British Prime Minister Theresa May looks on as MP's announce that she has lost a vote on her Brexit plan, on Tuesday January 15, 2019. Image Credit: AP

As widely anticipated, United Kingdom Prime Minister Theresa May lost a key vote on Tuesday in the House of Commons — but what was surprising was by the huge margin with which British parliamentarians rejected the European Union (EU) Withdrawal Agreement negotiation between the May government and Brussels over the past 20 months.

The immediate aftermath was for the main opposition Labour Party to table a vote of no-confidence in May’s Conservative government. That’s a vote she is likely to survive with the support of 10 members of parliament from Northern Ireland’s Democratic Unionist party, MPs who joined with more than 400 others to reject May’s Brexit agreement by a margin of 432 to 202.

Tuesday’s vote has now thrown the Brexit process into chaos, and with the UK government scheduled to leave the 28-member political, social and economic bloc on March 29, there are increasing fears that no deal will be in place — a likelihood that would spark economic disruption unparalleled in a peacetime economy.

Leaders across the EU have said that the withdrawal agreement rejected by MPs on Tuesday night was their best and final offer, but the inclusion of a future guarantee to keep the UK’s border with the Republic of Ireland open and free of customs and security checks proved to be too much for those opposed to May’s deal. The EU is adamant that must be included in any future agreement, and for that not to happen, the UK must commit to remaining in a Europe-wide customs arrangement that would remove the need for border checks.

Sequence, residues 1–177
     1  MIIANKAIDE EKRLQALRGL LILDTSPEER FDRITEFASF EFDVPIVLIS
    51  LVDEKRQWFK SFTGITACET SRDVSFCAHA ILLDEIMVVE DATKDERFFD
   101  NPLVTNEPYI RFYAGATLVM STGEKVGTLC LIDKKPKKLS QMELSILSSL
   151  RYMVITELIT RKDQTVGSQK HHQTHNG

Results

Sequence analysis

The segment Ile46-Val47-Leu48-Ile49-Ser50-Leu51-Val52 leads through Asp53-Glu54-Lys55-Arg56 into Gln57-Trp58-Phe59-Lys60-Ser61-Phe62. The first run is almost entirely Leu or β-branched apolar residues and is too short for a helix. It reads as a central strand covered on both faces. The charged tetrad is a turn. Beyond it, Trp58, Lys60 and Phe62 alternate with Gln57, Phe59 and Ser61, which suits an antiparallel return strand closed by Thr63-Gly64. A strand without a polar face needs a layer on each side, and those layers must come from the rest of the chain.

So, what happens now? In the immediate term, May has until Monday to hold talks with opposition parties to propose a way forward. Certainly, Brussels will be eager to hear what she has to say and what more she wants. But given that the clock is now firmly ticking on that March 29 deadline, senior officials in Brussels are suggesting that maybe the UK should put that deadline on hold, allowing for more time for talks to avoid a no-deal scenario.

One complication in all of this is that European Parliament elections are set for the end of May, and with the UK opting out of the EU, it will not take part in that voting. But that new parliament is supposed to start its new term on July 1, offering a small window — a critical three-month extension — that might allow for more talks. That seems to be the only pragmatic way forward now.